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John "lakewood" Fegyveresi

Wednesday, May 28, 2014

Another Light-Hearted Continental Scribble

Visiting Neel's Gap....7 years later.

I decided it was time to post something a little more whimsical as all of my entries as-of-late have been very heavy into the running/ultrarunning.  An opportunity presented itself a few weeks ago for me to partake in a very abridged road-trip.  My mom was making her Spring trip back North from Florida, but had one too many cars to deal with.  I volunteered to fly one-way down to Orlando with my other-half for a quick visit, and then drive the car back for my mom....allowing her to leave a few days later and the car would already be in NY waiting for her when she arrived.  I figured it would be a fun way to drive up the spine of the Appalachians, hitting a few fun quick stops along the way.

Those of you that have read along in the past know that I am still pretty keen on road-trips, especially if those trips allow me to hit up new "unvisited" States.  Unfortunately when it comes to this aspect of my travel, I am somewhat limited as I have already now visited 49 of the 50 states and North Dakota would not be anywhere near my driving route this time around.   The good news is just as I have a secret love for visiting all of the States, I also have a love of hitting State High Points of which I've accrued 17 now.  With the tentative route we had planned, I knew it would give us the opportunity to hit a few new high points as well as a few other fun spots of interest along the way.  In all honesty though, I was truly hoping to wing it.  We only had 3 days for this trip, so any visits had to be quick and we wanted as much spontaneity as possible.

First stop:  NEEL's GAP

7 years ago, almost to the day, I made my way into the famous Neel's Gap store after my first 31 miles on the Appalachian Trail.  It was there that I first laid eyes on the wall map of the entire AT, and knew just how much further I had to go.  Having pushed out a solid 31, I quickly realized that it was barely 1% of the trail.  You could say that Neel's Gap is where reality first set in.  I've often wondered what it would be like to go back there...back to a place that represents a setting so early in my hiking infancy.  Spend a day re-remembering what it was like to be a nascent thru-hiker.  It was literally only the night before I hiked into Neel's Gap, while camped at Slaughter Creek roughly 23 miles into my thru-hike, that I had decided on the trailname that would still be with me now 7 years later.  I have often laughed when thinking back to how much I thought I knew at that point, and how little I actually did.  It truly seems like a different lifetime ago.  And yet, here on this road trip I knew I'd be driving right by again, AND that there'd likely be thru-hikers there.  I had to stop.  It didn't disappoint....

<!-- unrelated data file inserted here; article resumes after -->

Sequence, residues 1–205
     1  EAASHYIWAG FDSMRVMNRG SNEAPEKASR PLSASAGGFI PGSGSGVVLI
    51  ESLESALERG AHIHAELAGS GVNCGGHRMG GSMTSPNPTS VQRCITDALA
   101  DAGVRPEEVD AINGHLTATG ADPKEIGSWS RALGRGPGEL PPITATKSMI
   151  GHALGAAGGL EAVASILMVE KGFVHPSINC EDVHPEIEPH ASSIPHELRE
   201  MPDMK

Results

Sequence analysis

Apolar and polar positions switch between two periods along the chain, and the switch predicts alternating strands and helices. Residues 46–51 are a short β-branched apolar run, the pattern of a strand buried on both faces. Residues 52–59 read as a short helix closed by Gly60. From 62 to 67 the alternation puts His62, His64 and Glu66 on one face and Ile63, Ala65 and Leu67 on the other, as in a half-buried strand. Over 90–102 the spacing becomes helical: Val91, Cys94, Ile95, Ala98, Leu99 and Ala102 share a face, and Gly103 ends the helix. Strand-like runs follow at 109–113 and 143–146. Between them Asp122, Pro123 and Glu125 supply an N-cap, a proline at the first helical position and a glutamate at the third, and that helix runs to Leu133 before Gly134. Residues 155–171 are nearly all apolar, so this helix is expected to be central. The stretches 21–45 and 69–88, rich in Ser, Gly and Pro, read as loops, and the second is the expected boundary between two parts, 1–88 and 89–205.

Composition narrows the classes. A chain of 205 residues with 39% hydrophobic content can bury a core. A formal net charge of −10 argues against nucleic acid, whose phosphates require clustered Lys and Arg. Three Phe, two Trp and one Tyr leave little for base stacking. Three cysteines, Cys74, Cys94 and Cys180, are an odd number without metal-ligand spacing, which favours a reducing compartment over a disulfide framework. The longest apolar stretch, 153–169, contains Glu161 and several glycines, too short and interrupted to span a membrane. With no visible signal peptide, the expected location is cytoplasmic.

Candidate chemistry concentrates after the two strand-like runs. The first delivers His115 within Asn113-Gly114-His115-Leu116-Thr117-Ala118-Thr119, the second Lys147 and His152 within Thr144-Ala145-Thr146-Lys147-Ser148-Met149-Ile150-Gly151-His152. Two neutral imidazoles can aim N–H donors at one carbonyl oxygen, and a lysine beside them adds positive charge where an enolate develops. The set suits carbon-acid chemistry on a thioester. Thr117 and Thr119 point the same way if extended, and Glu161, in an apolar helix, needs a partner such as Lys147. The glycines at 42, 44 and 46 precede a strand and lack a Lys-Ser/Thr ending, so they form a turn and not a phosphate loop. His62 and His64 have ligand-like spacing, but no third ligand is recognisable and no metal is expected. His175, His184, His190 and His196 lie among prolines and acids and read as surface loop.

As I got out of the car and walked around, all the memories came rushing back as if I had just been there yesterday.  I can remember where I sat down to adjust my shoelaces, where'd I'd talked to other hikers, and even where I ate my first pint of ice cream.  One thing I didn't remember though was signing my first log book.  Half out of jest, I decided to poke through the logs and see if I could find the 2007 book.  After some digging I pulled it out almost 100% sure I wouldn't find my name.  Looks like I would have lost that bet...

Neel's Gap...The first true oasis on the AT

Just like old times

Finding my name from 7 years prior in the log-book.

I even walked up the trail a bit for old time's sake

Some beautiful Georgia AT

Next Up:  Brasstown Bald

I left Neel's Gap with a big smile and we happily drove further up the road to visit Brasstown Bald...Georgia's highest point.  The Appalachian Trail doesn't actually take you over the mountain and I had never been back to that area of North Georgia to knock out the highpoint since.  Here was my chance.  Brasstown Bald is easily accessible by car.  A quick drive up the approach road leaves you at the visitor store about 1/2 mile from the summit (which is accessed by a very nice paved walking path). At the top is a beautiful lookout tower that you can climb, which provides incredible views of the surrounding North Georgia and Carolina mountains.  We had a perfect day for it to.  

I got permission from a Park Ranger to get a photo at the physical USGS benchmark which is actually located behind a locked door.  I was quite grateful for this as touching the USGS benchmark on a highpoint is the way I personally mark my summits (I know it's a bit OCD, but it always gives me something fun to look for on summits....if there is an actual benchmark of course).

Brasstown's first marker (4784')

Atop the lookout tower on Brasstown Bald